Jun 10 2016

Southeast Alaska Climate & Water Resources Workshop Reveals Answers and New Questions

The Tongass National Forest spans 17 million acres, making it the largest national forest in America. This temperate rain forest is intertwined with lakes, rivers, and streams that are home to a variety of freshwater and saltwater fish.

Many of Alaska’s landscapes are changing due to climate change, and the Tongass National Forest is no exception.

Stakeholders, community leaders, and researchers gathered for a workshop on April 12th-15th to address changes in the Tongass National Forest’s water systems and what that could mean for the future.

“All aspects of hydrology are going to be affected by climate change,” says Jeremy Littell, research ecologist at the U.S. Geological Survey (USGS) and lead research scientist at the Alaska Climate Science Center (AK CSC).

At the workshop, Littell and other participants discussed several hydrological changes that could be due to a warming climate. However, identifying a definitive driver of change for the majority of water bodies is challenging since water temperature data in the Tongass is limited.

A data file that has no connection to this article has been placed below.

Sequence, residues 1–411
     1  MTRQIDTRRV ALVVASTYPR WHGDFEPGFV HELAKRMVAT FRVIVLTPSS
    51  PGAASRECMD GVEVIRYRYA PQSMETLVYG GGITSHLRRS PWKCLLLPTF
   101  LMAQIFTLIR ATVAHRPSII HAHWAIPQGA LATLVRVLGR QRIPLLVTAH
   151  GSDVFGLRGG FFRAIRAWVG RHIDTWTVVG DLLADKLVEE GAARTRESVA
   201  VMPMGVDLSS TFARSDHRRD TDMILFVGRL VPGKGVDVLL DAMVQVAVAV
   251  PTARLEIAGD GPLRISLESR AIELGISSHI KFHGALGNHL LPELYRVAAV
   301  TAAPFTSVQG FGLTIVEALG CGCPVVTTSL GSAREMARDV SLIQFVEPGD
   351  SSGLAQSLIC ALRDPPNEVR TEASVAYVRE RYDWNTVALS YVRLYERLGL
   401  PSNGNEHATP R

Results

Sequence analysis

“We don’t know if all bodies of water show an increase in temperature because many are unmeasured,” explains Littell. “That was part of the workshop focus.”

Workshop participants also discussed how hydrological changes could impact water and other natural resources in the region.

For example, increasing air and water temperatures could cause a delay in ice formation and earlier ice melt. Changes in the rate and timing of ice melt is significant because higher amounts of fresh water could be flushed into stream systems. This could change water temperatures, water currents, and the availability of valuable nutrients, such as phosphorus and carbon, which in turn- could impact fish populations and subsistence harvesting. 

Subsistence was another key issue discussed at the workshop.

Many Southeast Alaskans use the forest’s variety of fish as a main food source. Research presented during the workshop revealed that certain species of fish, such as salmon, are migrating earlier due to changes in water conditions.

Participants also discussed the observed changes in the size of sockeye salmon. As to the cause of this, Littell explains that very little data exists for streams over a long period of time for researchers to determine if these changes are related to climate change.

The workshop brought together data and information that was collected by researchers, land managers, locals, and other workshop participants. Through the discussions, the participants were able to identify and bridge some gaps in the data.

“Many small efforts can add up,” says Littell.

But he added that this probably won’t be the last workshop and that it’s certainly not the end of the discussion.